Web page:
In Crumpler v. Department of Defense, 2009 MSPB 224 (November 2, 2009), the Merit Systems Protection Board (Board) found that the rule in Department of the Navy v. Egan, 484 U.S. 518, 530-31 (1988), limiting the scope of Board review of a removal based on the revocation of a security clearance, also applies to a removal from a “non-critical sensitive” position based on the employee’s ineligibility to access classified information.
In Egan, the Supreme Court found that the Board lacks the authority to review the merits of an agency’s decision to deny a security clearance to an employee. The Egan case involved an employee who was hired for a position designated as “sensitive” by the agency and required the maintenance of a security clearance. Egan failed to maintain a security clearance, and as a result was no longer eligible for the position. The agency removed Egan from service. The Egan court rested its decision on the Constitutional authority invested in the President to classify what information bears on national security and to determine who is satisfactorily trustworthy to occupy an Executive Branch position giving access to such information. Egan established that the Board’s review was limited to determining whether the agency could meet its burden of proving that the employee’s position required a security clearance, the employee was not eligible for a security clearance, transfer to a non-sensitive position was not feasible, and the agency followed the statutory procedural requirements of processing a removal action.
Crumpler was a store associate at a commissary. The agency designated the store associate position as non-critical sensitive – the lowest of the three sensitivity levels. In order to occupy this position, the agency determined the employee had to be eligible for access to classified information. Subsequently, the agency removed the appellant from her position because of her ineligibility for access to classified information.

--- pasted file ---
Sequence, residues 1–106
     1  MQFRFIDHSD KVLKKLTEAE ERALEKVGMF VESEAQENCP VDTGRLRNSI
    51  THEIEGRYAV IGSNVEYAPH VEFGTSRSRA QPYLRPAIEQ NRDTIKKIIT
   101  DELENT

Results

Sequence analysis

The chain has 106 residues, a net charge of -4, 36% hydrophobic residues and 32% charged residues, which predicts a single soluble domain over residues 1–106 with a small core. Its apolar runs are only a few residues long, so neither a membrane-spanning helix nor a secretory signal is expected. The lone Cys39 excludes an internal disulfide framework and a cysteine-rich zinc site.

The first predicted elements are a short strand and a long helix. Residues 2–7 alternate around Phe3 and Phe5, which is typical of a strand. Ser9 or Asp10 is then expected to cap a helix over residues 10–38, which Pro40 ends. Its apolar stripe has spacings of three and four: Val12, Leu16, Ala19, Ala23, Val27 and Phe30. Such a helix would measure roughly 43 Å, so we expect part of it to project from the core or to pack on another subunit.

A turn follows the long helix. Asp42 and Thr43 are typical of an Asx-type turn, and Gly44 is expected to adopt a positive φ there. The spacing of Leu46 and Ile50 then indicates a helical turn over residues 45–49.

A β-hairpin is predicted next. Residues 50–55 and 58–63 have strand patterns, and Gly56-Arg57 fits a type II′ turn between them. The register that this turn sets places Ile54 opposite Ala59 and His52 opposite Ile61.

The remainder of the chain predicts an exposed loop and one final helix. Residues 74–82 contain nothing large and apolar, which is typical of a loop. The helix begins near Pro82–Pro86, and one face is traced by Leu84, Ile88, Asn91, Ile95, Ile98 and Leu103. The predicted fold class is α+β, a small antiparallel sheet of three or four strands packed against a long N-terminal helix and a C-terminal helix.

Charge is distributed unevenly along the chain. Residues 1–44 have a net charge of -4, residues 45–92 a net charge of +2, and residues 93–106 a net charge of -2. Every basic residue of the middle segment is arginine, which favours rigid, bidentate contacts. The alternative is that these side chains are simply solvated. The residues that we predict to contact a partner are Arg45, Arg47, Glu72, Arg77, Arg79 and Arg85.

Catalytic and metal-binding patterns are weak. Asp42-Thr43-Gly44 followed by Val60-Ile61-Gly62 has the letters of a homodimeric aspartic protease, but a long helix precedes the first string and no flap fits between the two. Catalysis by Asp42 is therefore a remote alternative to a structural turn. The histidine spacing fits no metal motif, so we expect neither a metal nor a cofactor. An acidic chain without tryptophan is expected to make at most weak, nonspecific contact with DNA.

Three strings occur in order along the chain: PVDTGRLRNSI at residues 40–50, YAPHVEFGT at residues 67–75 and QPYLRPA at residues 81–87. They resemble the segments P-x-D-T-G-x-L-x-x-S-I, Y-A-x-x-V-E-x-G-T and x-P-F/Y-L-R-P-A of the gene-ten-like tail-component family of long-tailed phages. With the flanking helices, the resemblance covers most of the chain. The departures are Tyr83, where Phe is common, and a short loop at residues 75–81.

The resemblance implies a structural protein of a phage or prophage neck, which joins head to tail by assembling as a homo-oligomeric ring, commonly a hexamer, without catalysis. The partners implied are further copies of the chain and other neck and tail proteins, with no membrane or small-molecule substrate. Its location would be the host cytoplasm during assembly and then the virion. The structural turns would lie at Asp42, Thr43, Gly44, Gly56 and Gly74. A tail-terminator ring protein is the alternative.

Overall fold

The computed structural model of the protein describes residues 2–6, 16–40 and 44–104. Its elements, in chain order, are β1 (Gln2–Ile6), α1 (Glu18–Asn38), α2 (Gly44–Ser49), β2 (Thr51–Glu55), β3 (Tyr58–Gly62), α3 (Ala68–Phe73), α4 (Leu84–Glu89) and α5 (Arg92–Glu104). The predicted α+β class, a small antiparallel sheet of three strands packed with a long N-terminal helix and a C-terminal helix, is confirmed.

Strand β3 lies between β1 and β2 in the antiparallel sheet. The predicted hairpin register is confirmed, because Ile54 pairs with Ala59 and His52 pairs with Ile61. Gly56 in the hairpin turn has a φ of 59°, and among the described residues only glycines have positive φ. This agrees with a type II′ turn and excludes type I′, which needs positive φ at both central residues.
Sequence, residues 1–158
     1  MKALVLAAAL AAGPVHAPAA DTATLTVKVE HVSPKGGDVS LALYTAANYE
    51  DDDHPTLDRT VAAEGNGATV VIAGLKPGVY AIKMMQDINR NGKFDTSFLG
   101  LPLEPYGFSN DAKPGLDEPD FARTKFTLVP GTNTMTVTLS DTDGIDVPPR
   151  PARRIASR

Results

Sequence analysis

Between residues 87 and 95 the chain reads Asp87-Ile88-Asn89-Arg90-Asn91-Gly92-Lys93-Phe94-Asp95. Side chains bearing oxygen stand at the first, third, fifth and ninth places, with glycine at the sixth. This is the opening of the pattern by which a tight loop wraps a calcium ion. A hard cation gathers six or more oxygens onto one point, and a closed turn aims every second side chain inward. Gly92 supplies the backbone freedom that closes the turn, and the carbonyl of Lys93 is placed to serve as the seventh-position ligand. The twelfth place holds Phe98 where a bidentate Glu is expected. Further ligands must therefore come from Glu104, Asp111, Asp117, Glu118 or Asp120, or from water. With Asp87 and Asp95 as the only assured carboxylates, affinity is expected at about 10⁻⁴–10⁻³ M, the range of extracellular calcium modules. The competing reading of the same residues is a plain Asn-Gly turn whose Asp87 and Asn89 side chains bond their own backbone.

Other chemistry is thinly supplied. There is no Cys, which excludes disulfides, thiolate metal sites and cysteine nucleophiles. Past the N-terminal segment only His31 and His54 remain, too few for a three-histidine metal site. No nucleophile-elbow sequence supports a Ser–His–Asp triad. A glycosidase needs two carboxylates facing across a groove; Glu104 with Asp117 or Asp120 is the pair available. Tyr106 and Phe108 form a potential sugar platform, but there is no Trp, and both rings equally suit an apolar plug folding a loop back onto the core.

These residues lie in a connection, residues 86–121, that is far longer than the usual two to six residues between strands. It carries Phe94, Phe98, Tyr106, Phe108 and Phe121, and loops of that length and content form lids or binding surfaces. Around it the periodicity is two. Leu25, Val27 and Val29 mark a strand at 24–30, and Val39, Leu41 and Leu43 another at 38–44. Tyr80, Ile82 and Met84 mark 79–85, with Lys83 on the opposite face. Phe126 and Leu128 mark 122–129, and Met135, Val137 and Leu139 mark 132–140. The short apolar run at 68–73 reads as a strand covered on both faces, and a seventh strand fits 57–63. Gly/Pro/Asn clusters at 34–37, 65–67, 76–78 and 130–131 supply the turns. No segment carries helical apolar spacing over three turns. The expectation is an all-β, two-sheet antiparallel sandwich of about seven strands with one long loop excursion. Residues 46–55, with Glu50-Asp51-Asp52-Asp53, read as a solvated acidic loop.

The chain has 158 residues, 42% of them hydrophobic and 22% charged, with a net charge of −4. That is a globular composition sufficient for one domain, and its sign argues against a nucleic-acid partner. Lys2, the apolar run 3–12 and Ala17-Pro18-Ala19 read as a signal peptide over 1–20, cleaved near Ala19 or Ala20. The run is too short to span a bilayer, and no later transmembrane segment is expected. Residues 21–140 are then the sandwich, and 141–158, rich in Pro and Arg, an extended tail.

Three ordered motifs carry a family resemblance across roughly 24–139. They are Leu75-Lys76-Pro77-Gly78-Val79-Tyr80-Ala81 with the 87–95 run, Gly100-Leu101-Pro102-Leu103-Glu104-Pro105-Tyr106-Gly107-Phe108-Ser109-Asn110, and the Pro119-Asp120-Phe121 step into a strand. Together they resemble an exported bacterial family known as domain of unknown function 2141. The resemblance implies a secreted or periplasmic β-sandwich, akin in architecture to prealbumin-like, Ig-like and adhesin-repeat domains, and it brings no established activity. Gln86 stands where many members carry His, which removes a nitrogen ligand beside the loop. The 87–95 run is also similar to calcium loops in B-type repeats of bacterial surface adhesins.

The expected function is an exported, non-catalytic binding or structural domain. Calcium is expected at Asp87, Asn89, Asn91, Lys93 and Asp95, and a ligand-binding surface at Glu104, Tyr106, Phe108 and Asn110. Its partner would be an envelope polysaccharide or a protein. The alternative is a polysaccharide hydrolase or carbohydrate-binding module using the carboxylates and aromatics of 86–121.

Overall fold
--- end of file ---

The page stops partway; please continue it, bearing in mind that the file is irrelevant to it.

The Board found that the reasoning in Egan applies to any access eligibility standard that an agency chooses to impose. Although the Egan court clearly determined that the Board’s limited review required a determination that the employee’s position required a security clearance and that the employee’s security clearance was revoked or denied, the Crumpler decision found it irrelevant that the appellant’s position did not require a security clearance. Rather, it endorsed a broad definition of the term “security clearance” to include any investigation that an employee must undergo and satisfy in order to hold a position that is considered to be a national security risk.
The Crumpler decision stands for the proposition that, even when a security clearance is not required for a position, the Executive Branch of government has unreviewable authority to designate positions as sensitive and to decide whether employees are eligible for such positions. Thus, the Board can only review the legitimacy of the process, and not the reasons, by which an employee is removed for failure to maintain eligibility for a sensitive position.
* This information is provided by the attorneys at Passman & Kaplan, P.C., a law firm dedicated to the representation of federal employees worldwide. For more information on Passman & Kaplan, P.C., go to http://www.passmanandkaplan.com.
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